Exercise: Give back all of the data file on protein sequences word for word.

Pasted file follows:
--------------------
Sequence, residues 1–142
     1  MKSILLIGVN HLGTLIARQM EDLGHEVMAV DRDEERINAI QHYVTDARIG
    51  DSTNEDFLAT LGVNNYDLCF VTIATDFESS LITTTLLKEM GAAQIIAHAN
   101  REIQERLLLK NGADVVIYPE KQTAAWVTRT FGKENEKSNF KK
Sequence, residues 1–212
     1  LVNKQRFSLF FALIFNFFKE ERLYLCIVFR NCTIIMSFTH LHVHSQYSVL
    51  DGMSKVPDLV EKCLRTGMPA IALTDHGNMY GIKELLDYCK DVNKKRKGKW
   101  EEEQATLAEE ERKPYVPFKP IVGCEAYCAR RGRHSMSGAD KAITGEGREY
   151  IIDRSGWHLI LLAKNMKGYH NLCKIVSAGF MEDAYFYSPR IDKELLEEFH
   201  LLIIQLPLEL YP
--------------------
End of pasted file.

Sequence, residues 1–142
     1  MKSILLIGVN HLGTLIARQM EDLGHEVMAV DRDEERINAI QHYVTDARIG
    51  DSTNEDFLAT LGVNNYDLCF VTIATDFESS LITTTLLKEM GAAQIIAHAN
   101  REIQERLLLK NGADVVIYPE KQTAAWVTRT FGKENEKSNF KK
Sequence, residues 1–212
     1  LVNKQRFSLF FALIFNFFKE ERLYLCIVFR NCTIIMSFTH LHVHSQYSVL
    51  DGMSKVPDLV EKCLRTGMPA IALTDHGNMY GIKELLDYCK DVNKKRKGKW
   101  EEEQATLAEE ERKPYVPFKP IVGCEAYCAR RGRHSMSGAD KAITGEGREY
   151  IIDRSGWHLI LLAKNMKGYH NLCKIVSAGF MEDAYFYSPR IDKELLEEFH
   201  LLIIQLPLEL YP